Successful international climate policy depends on domestic actors’ acceptance and actions. Cities, regions, investors, companies and civil society organizations are crucial for implementing the Paris Agreement. The proliferation of non-state climate actions is therefore a positive development, symbolizing the commitments of players outside of the UNFCCC in contributing to halting dangerous global warming at well below 2 degrees Celsius.
> Read the blogpost

10 November 2016
Jetske Vaas and Elizabeth Haber (UU): Outreach in the Caribbean
Despite scientists’ strong commitment to the pursuit of knowledge, the public has shown changing trust in the scientific community since the mid 1970’s. This erosion of trust is often blamed on scientists’ difficulty with communicating their research to the public. It is up to scientists, then, to find effective ways to communicate their research without compromising the truth. This call to action is beautifully illustrated by a quote from a Scientific American blog post about communicating science: “We need to learn to engage without sensationalizing, enchant without deceiving, compel while staying true to the underlying science.”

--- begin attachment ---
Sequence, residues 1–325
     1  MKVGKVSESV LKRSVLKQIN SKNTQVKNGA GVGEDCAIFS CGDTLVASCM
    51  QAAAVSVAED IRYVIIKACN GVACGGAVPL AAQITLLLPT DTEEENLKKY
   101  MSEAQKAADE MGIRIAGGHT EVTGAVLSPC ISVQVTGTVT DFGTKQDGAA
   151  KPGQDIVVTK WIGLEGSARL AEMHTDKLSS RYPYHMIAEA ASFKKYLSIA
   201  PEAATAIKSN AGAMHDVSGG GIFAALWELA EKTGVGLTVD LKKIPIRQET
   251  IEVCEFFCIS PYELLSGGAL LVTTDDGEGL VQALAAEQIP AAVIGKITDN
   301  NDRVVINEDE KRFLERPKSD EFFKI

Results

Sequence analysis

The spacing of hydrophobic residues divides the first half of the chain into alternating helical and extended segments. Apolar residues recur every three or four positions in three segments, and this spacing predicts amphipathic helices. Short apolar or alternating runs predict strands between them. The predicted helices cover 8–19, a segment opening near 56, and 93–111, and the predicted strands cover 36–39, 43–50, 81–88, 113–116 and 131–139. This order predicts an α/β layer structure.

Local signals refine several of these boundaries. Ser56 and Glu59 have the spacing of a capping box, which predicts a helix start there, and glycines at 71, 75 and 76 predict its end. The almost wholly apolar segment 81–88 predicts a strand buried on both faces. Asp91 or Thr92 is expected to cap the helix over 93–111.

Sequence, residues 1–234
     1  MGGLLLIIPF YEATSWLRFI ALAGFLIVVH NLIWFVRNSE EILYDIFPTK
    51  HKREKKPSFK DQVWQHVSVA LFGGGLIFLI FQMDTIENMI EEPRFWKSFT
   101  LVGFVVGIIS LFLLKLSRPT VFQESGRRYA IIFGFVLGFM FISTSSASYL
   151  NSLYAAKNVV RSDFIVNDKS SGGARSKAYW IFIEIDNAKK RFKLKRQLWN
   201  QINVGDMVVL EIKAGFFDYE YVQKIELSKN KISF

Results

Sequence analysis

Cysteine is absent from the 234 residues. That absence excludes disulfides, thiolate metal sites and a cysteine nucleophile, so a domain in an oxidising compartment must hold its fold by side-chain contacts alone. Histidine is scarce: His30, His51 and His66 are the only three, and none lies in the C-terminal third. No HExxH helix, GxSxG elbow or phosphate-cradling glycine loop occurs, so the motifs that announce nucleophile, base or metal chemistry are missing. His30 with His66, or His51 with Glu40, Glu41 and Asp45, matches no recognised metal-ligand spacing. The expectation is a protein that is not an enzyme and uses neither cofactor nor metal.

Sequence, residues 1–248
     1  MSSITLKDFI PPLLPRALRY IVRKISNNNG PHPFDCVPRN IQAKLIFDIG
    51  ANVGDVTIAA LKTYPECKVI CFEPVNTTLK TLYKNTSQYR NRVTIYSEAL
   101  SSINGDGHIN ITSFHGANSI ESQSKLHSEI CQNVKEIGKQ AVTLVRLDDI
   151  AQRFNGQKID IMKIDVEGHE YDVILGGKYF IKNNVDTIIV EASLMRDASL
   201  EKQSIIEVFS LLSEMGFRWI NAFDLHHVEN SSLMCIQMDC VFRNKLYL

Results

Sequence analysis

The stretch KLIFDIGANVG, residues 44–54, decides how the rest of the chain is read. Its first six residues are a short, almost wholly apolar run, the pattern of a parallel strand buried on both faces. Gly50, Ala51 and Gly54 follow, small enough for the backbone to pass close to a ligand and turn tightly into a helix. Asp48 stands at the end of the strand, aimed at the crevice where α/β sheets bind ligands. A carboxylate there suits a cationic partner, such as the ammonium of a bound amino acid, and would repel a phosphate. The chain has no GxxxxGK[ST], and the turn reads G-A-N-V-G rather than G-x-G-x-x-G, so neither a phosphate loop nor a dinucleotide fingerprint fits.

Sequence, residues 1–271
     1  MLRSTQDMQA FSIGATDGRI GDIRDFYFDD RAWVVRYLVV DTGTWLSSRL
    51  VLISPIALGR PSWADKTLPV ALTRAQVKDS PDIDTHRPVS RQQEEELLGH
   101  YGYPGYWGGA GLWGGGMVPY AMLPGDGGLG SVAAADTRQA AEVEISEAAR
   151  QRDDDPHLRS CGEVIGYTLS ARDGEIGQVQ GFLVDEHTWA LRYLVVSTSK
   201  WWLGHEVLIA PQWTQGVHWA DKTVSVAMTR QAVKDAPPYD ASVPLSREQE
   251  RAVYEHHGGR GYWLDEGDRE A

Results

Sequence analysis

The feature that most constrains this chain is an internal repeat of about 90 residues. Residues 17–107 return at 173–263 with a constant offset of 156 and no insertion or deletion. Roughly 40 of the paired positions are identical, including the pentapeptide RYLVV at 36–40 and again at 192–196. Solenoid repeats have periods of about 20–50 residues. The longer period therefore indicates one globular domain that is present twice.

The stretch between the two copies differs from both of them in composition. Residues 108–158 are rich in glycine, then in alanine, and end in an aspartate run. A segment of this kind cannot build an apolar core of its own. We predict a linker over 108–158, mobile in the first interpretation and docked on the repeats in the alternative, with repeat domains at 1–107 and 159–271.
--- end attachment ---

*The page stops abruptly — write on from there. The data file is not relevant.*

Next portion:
> Read the blogpost

30 September 2016
Rémon Saaltink & Iris Pit (UU): Conference in downtown Montpellier: a work-related holiday?
As a PhD student you get the opportunity to go to conferences to showcase your research (and also to get a breather from your daily worries in the office; a necessity!). Finally getting out of the lab or office, go abroad, talk to people who inspire you and all will transform in new energy to continue your research. The goal of a conference is to show ongoing or finished research and to network, which may be of great help when finding a new research position like a post-doc.
> Read the blogpost

30 August 2016
Supriatin (WU): Low selenium in Dutch soils. What are the consequences?
It is common for Dutch people to drink milk every day, either during breakfast or lunch. Up to now, they probably do not realize that their milk does not only contain protein and vitamins, but also essential nutrients, such as iron, zinc, etc., including selenium. Any other foods such as cereals, meat, seafood, nuts, and other dairy products also contain selenium.
> Read the blogpost

29 July 2016
Jetske Vaas (UU): The Most Painful Question to Ask a PhD Candidate
As a good scientist, without having conducted any sort of survey or poll and instead reasoning solely from my own stereotypes and prejudices, I’m convinced that the single most dreaded question by every PhD candidate out there is “So, how’s your research going?”. Nice people are most often the villains asking these questions, and in fact, the nicest of them who really care about the answer are the worst you can come across.